A study led by Fred Hutchinson researchers, Drs. Andrew Hallahan and James Olson showed that retinoids killed cancer cells from medulloblastoma tumors that had been surgically removed from patients as well as tumors that had been grafted onto mice. Through genome analysis, the scientists also identified a protein in medulloblastoma cells that is triggered by retinoids to initiate cell death, a finding that is likely to lead to the development of additional therapies for the disease. The study appears in the Aug. 3 issue of Nature Medicine.
Because retinoids already have received approval from the Food and Drug Administration for treatment of another childhood cancer, neuroblastoma, researchers expect that the drugs will enter clinical trials in pediatric medulloblastoma patients with minimal delay.
Medulloblastomas arise from primitive cells in the back of the brain, or cerebellum, a region important for motor control and spatial orientation. The disease primarily strikes children under the age of 7. Standard therapy, which includes surgical removal of the tumor followed by radiation and a year of chemotherapy, offers about a 70 percent chance of survival for children over age 3 who do not have recurrent cancer.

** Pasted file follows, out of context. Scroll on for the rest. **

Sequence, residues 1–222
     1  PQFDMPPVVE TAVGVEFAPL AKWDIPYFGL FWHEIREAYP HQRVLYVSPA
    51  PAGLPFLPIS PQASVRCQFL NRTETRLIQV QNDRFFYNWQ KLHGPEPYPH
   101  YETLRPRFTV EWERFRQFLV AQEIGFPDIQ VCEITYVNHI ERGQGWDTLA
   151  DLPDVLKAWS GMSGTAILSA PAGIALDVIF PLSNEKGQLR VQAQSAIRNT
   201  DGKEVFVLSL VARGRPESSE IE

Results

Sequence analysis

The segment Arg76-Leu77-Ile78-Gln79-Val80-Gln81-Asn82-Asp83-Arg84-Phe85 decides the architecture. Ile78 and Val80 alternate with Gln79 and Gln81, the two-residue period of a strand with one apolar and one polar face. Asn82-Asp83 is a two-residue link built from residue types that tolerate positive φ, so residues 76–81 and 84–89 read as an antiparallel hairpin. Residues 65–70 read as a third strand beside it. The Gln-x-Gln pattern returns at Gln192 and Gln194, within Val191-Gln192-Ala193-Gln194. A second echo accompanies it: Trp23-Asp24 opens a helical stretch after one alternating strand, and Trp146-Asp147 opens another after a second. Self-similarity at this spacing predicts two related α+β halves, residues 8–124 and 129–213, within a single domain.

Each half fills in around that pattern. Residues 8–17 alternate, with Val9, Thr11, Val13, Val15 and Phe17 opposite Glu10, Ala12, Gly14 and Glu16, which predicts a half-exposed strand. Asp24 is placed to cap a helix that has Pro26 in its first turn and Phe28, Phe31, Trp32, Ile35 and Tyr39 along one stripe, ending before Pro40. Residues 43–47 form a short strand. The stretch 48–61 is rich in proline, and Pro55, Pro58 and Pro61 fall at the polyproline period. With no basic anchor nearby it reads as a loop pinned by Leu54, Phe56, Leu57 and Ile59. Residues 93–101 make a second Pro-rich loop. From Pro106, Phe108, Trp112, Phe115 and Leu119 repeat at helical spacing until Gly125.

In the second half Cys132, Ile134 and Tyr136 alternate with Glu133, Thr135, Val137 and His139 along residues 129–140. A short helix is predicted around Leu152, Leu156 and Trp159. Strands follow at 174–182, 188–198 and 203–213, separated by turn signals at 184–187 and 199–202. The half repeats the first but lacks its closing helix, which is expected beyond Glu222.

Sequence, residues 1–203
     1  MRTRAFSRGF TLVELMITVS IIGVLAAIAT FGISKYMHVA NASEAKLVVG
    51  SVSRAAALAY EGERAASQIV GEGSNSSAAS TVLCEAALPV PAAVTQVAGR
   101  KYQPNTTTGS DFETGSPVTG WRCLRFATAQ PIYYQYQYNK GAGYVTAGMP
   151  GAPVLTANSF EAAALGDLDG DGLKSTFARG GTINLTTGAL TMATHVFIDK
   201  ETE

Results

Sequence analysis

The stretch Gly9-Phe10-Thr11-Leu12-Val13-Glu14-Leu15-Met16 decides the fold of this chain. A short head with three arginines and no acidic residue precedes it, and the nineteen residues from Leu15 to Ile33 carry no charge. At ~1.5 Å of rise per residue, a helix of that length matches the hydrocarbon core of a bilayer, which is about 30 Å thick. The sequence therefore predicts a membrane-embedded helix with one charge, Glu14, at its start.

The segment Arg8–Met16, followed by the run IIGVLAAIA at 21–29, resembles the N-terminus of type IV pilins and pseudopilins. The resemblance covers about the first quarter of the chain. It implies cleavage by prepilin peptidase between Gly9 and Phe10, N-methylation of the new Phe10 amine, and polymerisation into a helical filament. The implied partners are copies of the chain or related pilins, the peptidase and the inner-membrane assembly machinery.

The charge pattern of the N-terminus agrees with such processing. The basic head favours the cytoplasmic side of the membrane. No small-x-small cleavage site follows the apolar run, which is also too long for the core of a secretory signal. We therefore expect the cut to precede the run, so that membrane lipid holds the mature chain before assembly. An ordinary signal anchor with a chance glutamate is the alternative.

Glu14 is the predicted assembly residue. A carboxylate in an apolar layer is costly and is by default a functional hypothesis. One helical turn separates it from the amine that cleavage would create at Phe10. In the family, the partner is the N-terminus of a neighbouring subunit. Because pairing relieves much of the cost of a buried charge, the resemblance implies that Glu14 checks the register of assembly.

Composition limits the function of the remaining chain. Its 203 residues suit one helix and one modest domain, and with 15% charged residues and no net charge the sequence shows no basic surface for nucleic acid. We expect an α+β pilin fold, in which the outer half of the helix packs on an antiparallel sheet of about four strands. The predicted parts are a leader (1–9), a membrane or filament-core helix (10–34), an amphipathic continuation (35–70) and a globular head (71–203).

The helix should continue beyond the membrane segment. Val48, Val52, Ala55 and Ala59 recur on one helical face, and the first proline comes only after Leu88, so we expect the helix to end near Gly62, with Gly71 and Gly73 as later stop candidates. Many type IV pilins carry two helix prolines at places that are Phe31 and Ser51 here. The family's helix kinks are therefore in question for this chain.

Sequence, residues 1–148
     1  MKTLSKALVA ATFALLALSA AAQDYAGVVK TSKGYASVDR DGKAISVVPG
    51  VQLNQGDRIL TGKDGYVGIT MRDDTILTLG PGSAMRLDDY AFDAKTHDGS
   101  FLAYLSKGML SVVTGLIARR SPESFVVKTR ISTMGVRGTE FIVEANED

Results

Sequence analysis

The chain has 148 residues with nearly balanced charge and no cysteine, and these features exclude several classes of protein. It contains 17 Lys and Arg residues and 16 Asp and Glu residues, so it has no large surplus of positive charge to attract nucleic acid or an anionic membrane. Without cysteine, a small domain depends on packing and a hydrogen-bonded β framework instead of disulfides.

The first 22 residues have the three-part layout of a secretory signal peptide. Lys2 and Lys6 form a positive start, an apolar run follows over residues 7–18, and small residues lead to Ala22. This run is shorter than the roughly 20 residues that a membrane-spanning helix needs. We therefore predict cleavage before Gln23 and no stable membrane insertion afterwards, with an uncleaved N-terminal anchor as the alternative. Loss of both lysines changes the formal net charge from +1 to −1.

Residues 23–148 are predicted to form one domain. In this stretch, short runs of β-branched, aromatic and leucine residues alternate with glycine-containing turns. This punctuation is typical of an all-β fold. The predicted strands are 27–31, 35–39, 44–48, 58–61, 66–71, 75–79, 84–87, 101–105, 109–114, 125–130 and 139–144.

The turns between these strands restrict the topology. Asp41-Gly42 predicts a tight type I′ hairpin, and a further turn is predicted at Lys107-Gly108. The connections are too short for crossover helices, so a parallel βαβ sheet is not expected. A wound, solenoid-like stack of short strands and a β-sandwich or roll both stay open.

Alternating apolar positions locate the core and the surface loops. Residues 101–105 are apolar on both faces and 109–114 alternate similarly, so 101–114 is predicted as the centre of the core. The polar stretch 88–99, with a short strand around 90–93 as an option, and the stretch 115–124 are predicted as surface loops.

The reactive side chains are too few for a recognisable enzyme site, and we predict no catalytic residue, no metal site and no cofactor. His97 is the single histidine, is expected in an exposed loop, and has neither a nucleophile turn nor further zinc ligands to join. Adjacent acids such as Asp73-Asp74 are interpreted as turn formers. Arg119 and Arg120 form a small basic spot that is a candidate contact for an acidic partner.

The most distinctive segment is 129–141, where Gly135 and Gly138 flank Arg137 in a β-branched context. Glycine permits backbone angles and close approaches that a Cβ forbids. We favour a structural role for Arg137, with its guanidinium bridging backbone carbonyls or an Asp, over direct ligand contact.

High-risk children, who include those under age 3 or who have recurrent disease, have a much lower chance of survival with standard therapy. For that reason-and because of the toxic side effects of radiation and chemotherapy in young children-scientists are eager to find new treatments.
According to Hallahan, retinoids could prove to be even more effective at treating medulloblastoma than neuroblastoma.
Contact: Susan Edmonds
Fred Hutchinson Cancer Research Center